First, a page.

Sit down with your child and make a list of what he or she needs and use the opportunity to teach them money lessons and how to be wise about spending and saving. Are there any school supplies left over from last year that can be reused? Can you purchase used electronics or textbooks instead of buying them brand new? Keep your eye out for good sales and discounts and check them off your list. Shop online and take advantage of deeper discounts and free shipping. Make these activities teachable moments while involving your child in the process. It’s a great way to improve their financial literacy and can pay off big time in the long run.

*National Retail Foundation (, “Back-to-School and Back-to-College Spending to Reach $83.6 Billion,” July 13, 2017


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Posted in Primerica, Tips, Wallet Wellness |



July 13 was Primerica Intern Day at the Junior Achievement Discovery Center – a special center located in Gwinnett County that teaches young people about personal finance, budgeting and entrepreneurship.

As part of a partnership project with The Primerica Foundation, 15 high school and college students who intern at the Primerica Home Office in Duluth spent half a day learning what the Discovery Center is all about.

The interns toured the facility and participated in a simulation project where they created budgets and applied for loans with the help of JA staff and Primerica Home Office volunteers.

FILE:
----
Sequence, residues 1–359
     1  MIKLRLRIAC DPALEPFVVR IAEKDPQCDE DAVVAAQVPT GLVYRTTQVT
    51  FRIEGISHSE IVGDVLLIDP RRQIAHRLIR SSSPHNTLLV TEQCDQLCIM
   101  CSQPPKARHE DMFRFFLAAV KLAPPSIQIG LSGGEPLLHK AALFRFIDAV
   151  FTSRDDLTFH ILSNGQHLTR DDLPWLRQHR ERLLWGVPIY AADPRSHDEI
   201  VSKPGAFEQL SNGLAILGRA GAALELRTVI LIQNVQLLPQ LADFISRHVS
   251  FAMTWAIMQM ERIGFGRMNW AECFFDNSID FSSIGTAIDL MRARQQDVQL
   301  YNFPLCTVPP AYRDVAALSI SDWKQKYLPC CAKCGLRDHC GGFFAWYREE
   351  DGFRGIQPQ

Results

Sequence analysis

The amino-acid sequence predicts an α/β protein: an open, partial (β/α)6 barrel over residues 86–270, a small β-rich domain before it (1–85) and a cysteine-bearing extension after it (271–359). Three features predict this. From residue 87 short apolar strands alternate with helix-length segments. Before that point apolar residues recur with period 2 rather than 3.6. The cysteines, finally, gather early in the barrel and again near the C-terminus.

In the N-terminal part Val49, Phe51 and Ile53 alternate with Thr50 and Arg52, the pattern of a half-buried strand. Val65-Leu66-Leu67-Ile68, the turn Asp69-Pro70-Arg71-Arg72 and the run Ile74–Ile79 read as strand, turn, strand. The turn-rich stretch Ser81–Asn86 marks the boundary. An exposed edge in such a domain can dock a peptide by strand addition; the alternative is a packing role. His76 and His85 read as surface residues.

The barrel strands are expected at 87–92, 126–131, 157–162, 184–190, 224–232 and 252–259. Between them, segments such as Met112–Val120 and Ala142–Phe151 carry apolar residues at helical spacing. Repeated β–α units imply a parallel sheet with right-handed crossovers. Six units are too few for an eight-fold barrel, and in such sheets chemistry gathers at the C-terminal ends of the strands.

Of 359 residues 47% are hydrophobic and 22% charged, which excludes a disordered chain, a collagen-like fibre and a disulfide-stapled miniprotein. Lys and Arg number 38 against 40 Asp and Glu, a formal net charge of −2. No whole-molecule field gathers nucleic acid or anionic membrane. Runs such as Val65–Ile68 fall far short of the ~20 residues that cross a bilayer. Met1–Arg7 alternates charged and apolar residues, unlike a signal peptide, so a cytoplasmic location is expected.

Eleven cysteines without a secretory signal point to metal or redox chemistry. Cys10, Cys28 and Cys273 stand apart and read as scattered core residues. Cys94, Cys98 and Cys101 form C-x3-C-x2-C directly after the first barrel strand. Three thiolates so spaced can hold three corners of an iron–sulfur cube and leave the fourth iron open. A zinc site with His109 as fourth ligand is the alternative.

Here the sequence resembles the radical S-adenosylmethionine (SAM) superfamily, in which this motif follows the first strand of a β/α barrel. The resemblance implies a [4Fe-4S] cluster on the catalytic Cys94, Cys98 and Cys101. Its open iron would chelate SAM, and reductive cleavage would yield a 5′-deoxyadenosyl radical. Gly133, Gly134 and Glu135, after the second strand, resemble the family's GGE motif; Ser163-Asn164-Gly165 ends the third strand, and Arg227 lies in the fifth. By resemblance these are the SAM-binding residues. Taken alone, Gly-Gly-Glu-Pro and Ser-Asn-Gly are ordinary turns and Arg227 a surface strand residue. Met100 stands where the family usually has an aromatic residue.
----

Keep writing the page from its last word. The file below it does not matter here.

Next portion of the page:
The budgeting exercise helped give intern Thomas Kruegler a good idea of the average monthly costs he’ll have to meet in the near future, he said.

“This has been very helpful,” he added.

Intern Stefani Reed said the experience helped put the term “financial literacy” into perspective.

All of the interns shared that none of them were exposed to such a high level of financial education when they were in middle or high school.

“In high school, I was always complaining about how I was never studying anything that was going to benefit me in life,” said intern Thomas Swift. “I wish I would have had this.”

Although the Discovery Center currently serves Gwinnett County middle school students, the day’s events aimed to give the interns an idea of how businesses and nonprofits work together and hands-on volunteer experience at the center.

Watch this video to learn more about Primerica and JA.


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Posted in Primerica |



Four hundred Primerica leaders and their partners gathered in Southern California for an amazing four-day trip held July 15-18, 2017, at the Manchester Grand Hyatt in downtown San Diego.


During meetings, attendees heard from multiple speakers and were recognized for their hard work helping Main Street families. The trip included a special event aboard the USS Midway and a gala event at the hotel.

Check out pictures from San Diego.